For one thing, we must rethink the extent to which we provide online education options for our students. Generation Z want and expect the flexibility and convenience of online courses, enabling them to customise their class schedules around work and other activities.

We must also heed their desire to customise their learning experiences in other ways. Too often, our curricula are collections of courses rather than specific programmes of study. If we listen to our students – students who are increasingly goal oriented and career focused – it’s clear we need to offer more coherent programmes, with more explicit paths to careers. This doesn’t necessarily mean something as dramatic as eliminating areas of study and adding entirely new ones. Instead, it can mean working creatively with what we have – packaging existing courses together in new ways and offering multidisciplinary programmes with multiple pathways to a degree.

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Engaging with students

We must also pay special attention to the relevance – or perceived lack of relevance – of what we teach. Our students want a university education to be ‘relevant in the real world’, and we do them a disservice when we do not demonstrate that relevance. Making our curricula more relevant to our students does not necessitate ‘throwing the baby out with the bathwater’. In almost all cases, the critical thinking skills and technical knowledge we impart already have the relevance that our students seek, but our students are not always fully aware that this is the case. By rethinking how we present our course material and communicate our intended learning outcomes, we can help our students better understand how they can apply the knowledge they have gained in the real world.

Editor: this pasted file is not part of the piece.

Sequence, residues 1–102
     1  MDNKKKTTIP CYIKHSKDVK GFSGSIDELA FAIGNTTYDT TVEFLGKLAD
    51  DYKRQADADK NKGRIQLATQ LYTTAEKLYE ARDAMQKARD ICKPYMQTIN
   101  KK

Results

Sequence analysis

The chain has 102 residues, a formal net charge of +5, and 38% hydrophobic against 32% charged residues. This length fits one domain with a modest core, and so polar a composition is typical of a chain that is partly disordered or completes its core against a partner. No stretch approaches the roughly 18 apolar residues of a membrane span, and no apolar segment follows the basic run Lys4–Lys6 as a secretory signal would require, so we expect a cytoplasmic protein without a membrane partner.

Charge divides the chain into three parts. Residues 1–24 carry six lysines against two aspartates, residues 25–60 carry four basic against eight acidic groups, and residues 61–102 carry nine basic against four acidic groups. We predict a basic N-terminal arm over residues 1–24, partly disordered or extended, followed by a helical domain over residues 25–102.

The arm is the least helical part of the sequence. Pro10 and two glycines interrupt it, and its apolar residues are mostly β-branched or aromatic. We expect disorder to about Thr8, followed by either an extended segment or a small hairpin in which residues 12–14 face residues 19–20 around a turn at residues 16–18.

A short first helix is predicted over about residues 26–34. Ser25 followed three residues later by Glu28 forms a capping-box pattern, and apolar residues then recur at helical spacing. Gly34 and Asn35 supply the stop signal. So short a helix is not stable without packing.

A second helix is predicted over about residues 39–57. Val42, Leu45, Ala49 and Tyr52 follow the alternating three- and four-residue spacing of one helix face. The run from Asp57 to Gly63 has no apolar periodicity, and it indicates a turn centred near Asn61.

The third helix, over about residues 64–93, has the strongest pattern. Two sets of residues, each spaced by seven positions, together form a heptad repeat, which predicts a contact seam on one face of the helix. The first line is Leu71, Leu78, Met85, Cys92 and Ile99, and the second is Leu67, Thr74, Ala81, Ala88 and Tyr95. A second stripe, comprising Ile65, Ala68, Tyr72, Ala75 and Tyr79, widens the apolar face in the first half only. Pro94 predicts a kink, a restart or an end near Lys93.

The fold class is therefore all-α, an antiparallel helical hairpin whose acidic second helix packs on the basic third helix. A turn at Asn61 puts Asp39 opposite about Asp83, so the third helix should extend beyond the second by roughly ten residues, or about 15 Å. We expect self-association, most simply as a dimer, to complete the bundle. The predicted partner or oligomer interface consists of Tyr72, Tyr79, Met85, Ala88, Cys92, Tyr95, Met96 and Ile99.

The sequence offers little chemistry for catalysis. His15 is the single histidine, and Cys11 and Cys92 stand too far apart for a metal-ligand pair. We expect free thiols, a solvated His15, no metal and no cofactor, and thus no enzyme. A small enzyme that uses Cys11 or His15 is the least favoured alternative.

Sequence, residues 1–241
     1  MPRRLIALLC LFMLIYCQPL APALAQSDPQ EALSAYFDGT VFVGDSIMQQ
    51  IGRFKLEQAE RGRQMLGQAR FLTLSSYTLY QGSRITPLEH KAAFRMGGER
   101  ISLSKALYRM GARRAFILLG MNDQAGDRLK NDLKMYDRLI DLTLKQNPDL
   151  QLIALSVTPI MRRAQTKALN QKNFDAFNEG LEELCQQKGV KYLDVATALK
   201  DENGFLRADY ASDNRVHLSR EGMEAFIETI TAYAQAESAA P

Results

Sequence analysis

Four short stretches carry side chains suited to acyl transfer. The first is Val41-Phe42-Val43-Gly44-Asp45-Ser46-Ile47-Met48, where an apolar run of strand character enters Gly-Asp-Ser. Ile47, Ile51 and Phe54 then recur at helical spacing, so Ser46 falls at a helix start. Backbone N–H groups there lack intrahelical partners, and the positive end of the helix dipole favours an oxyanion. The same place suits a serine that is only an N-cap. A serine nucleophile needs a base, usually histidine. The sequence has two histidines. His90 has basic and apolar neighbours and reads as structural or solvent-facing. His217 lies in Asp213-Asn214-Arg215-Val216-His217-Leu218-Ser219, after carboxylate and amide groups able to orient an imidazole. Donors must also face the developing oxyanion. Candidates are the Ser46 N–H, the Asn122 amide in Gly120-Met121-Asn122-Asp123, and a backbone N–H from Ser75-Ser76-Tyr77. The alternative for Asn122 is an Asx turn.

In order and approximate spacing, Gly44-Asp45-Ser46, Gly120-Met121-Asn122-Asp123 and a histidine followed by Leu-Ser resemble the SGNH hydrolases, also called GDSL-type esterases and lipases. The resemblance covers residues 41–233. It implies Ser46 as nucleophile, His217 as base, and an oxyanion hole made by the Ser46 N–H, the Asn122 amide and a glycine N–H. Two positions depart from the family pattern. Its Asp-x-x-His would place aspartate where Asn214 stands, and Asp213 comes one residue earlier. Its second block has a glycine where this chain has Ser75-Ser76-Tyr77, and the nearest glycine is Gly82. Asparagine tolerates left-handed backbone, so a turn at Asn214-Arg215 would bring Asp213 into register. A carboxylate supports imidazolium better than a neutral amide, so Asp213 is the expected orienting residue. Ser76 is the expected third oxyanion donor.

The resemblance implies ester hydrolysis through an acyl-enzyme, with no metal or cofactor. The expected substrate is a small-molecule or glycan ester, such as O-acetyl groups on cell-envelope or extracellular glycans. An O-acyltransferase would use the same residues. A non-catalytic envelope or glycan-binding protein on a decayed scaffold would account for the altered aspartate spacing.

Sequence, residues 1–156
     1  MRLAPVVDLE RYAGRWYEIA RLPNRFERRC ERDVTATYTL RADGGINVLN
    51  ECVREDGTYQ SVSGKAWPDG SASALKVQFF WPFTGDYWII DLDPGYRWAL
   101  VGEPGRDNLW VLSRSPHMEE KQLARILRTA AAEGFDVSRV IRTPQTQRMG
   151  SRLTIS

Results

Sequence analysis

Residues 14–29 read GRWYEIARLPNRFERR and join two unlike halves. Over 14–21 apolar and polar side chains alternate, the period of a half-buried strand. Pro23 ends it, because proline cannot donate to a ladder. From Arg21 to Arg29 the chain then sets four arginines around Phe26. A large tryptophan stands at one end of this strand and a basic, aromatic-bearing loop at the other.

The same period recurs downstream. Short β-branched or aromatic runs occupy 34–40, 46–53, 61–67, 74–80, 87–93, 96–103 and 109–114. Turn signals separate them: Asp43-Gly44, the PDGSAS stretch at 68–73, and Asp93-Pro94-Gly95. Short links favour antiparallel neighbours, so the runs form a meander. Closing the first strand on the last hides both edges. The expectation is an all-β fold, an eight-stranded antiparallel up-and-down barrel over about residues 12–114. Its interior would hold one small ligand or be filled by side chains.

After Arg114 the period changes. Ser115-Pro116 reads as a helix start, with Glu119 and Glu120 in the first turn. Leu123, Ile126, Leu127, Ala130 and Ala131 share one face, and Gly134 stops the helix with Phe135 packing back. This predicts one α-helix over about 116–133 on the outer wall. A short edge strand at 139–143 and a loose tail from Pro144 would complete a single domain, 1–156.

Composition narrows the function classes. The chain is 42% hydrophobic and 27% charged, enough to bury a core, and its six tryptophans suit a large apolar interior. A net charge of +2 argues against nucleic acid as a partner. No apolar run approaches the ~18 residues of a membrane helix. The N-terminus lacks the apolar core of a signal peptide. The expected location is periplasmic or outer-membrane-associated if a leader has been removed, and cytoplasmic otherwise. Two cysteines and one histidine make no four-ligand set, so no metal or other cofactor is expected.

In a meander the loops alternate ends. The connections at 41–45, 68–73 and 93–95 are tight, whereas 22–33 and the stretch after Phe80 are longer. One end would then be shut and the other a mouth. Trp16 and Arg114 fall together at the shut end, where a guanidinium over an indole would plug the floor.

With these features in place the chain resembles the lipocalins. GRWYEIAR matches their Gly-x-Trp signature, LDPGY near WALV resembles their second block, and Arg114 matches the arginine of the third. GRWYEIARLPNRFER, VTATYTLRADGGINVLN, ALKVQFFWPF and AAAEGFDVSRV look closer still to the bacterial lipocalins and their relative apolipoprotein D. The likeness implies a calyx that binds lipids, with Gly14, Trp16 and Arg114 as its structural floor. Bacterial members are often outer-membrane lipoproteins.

Bringing the classroom and the ‘real world’ together also appeals to an emerging generation of undergraduates who have a strong interest in social activism. Experiential learning opportunities add a practical element to courses, allow for the exploration of career options, and engage students by helping them make a difference in the world around them.

The naturally collaborative nature of Generation Z students also provides opportunities for us to enhance our learning environment. We should explore ways of allowing our students to work more meaningfully with each other, foster learning cohorts whenever possible, and try to incorporate the technologies students use in their daily lives into their learning experience.

We also need to remember that Generation Z students have grown up in a digital world without national borders. They are far more aware of the diversity that exists in the world than we ever were at their age, and providing them with international study opportunities is more important than ever. They are already global citizens by the time they reach university, and it is incumbent on us to build on this to help develop the next generation of leaders.